Secret Service, Treasury Dept. Warn Utahns About Spike in COVID-Related Scams
SALT LAKE CITY, Utah – While the world works to flatten the curve of positive COVID-19 cases, the U.S. Treasury Department has issued a warning about a different curve they see spiking – coronavirus-related scams.
The Secret Service, along with one of the world’s largest credit card companies, Visa, reached out to KSL TV because they want Utahns to know about a troubling trend they’ve been seeing. They said the bad guys have been capitalizing on coronavirus fears to rip you off.
Secret Service Special Agent in Charge Tom Edwards said they’ve seen a spike in emails that profess to be from charity organizations, the World Health Organization, or from the CDC, requesting funds.
Others have been enticing folks with medical supplies or even COVID-19 treatments.
“Those are all intended to get people to click onto phishing websites so they can steal their personal information and their credit card information for fraudulent use,” Edwards said. “We have to do the best to flatten the curve on the fraud, because we know it’s rising.”
It was too early to say how many Americans have been duped by COVID-related scams, but Edwards imagined the number will be very high.
“This is very sinister,” Edwards said.
Laurie Hodges works for VISA, where they have been tracking increased criminal activity since the pandemic. She said they’re seeing targeted attacks.
“The fraudsters have a high degree of sophistication,” she said. “It starts with all of the data that is available on the dark web, about individuals, American consumers.”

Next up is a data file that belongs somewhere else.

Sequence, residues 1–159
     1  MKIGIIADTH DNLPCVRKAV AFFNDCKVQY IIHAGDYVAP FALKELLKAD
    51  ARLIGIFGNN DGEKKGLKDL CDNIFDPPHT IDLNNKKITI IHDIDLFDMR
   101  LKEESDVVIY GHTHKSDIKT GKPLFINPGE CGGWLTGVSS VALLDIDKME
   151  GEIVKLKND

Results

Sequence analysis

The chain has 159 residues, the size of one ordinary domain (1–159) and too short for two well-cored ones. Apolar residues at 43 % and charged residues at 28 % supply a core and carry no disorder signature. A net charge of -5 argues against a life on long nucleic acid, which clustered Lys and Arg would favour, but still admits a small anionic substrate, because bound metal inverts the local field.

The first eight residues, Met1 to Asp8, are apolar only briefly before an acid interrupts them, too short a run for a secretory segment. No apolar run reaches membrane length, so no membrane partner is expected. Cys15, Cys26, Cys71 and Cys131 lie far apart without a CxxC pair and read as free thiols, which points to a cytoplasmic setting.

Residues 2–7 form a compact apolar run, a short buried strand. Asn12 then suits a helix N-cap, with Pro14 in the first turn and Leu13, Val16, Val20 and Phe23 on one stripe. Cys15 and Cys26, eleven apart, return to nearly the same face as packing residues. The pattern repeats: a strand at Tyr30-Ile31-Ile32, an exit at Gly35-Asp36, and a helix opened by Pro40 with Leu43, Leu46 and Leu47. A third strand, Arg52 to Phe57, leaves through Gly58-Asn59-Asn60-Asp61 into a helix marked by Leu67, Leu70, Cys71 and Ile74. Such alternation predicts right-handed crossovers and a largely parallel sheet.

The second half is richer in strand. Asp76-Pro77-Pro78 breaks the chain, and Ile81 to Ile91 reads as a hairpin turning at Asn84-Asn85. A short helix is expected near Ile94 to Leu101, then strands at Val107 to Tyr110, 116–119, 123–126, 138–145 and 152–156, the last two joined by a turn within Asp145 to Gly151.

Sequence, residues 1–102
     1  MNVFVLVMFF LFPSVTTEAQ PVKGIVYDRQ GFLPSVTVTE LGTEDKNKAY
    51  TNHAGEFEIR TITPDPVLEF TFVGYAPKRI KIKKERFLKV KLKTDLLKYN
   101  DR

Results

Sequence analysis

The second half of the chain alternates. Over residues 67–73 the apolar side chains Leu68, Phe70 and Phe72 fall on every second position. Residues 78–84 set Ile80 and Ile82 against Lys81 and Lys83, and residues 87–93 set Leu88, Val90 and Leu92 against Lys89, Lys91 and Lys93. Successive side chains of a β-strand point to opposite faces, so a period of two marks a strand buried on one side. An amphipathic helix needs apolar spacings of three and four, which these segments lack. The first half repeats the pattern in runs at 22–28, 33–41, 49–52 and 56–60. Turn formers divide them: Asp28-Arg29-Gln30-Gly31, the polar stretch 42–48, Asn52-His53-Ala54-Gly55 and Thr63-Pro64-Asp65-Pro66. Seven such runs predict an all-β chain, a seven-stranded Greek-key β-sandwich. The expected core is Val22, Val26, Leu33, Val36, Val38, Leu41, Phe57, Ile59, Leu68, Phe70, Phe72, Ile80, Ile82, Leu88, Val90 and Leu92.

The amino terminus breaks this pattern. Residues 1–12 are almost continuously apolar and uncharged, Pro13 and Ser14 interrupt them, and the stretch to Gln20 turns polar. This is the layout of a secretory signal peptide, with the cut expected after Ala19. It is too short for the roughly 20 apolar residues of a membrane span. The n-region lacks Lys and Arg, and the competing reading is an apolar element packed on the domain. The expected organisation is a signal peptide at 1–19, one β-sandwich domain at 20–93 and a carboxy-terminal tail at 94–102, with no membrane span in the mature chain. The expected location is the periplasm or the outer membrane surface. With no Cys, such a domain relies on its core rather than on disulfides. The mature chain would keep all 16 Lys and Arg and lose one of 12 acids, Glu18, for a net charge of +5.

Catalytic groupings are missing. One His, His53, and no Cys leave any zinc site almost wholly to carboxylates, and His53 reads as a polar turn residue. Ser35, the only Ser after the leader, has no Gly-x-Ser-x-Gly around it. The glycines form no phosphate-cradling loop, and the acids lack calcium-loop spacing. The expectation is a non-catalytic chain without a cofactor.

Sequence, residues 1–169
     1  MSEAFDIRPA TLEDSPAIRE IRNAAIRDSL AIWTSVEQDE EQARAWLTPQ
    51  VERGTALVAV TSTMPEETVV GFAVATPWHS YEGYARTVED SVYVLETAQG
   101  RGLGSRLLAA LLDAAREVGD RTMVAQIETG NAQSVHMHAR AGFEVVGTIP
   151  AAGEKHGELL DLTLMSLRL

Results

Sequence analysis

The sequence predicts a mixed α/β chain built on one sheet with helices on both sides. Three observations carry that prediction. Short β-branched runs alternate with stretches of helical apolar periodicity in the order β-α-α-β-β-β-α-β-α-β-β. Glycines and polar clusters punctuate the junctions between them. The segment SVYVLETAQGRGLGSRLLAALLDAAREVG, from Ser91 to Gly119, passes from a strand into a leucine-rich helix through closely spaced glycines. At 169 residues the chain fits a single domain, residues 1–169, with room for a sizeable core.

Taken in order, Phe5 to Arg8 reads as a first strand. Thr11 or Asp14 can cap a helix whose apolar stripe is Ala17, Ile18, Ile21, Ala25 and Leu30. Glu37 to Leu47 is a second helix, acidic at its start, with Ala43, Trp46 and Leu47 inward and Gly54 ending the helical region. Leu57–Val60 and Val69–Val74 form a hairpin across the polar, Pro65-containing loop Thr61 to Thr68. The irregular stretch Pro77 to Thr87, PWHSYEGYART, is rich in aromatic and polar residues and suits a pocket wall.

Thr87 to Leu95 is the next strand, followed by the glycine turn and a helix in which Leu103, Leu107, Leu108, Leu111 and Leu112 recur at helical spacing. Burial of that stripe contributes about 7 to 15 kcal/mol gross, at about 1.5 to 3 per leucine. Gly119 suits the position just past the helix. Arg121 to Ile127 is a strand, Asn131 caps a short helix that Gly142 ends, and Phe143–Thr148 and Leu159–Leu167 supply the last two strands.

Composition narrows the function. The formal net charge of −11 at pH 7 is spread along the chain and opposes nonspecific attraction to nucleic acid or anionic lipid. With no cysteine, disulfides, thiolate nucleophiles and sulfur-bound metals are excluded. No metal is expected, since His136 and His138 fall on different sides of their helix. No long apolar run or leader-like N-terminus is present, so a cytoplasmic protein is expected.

If you’ve been a victim of a data breach, these crooks know everything about you, which can make them very convincing.
Hodges and Edwards both said they contacted KSL TV to not only warn Utahns, but as a call to action.
“The moment that you notice that you’re a victim, you need to contact your local police department or sheriff’s office,” Edwards said.
“The way that we go about curbing their ability to take advantage of all of us during these difficult times is through consumer awareness,” said Hodges.
According to the Federal Trade Commission, people reported losing more than $667 million to imposters in 2019. When people lost money, they most frequently reported paying scammers with a gift card.
- Utah’s second Topgolf location to open Friday - KSLTV.com (pageviews: 5415)
- Locations of 6 international temples released (pageviews: 4509)
- Teens build intricate 'Gingerbread Cathedral,' get out of writing essay (pageviews: 3865)
- Police confirm no shooting has occurred at Granger Elementary School; school evacuated (pageviews: 2338)
- Details emerge in killings of 2 elderly Clearfield residents (pageviews: 2300)
- Utah’s second Topgolf location to open Friday (pageviews: 2293)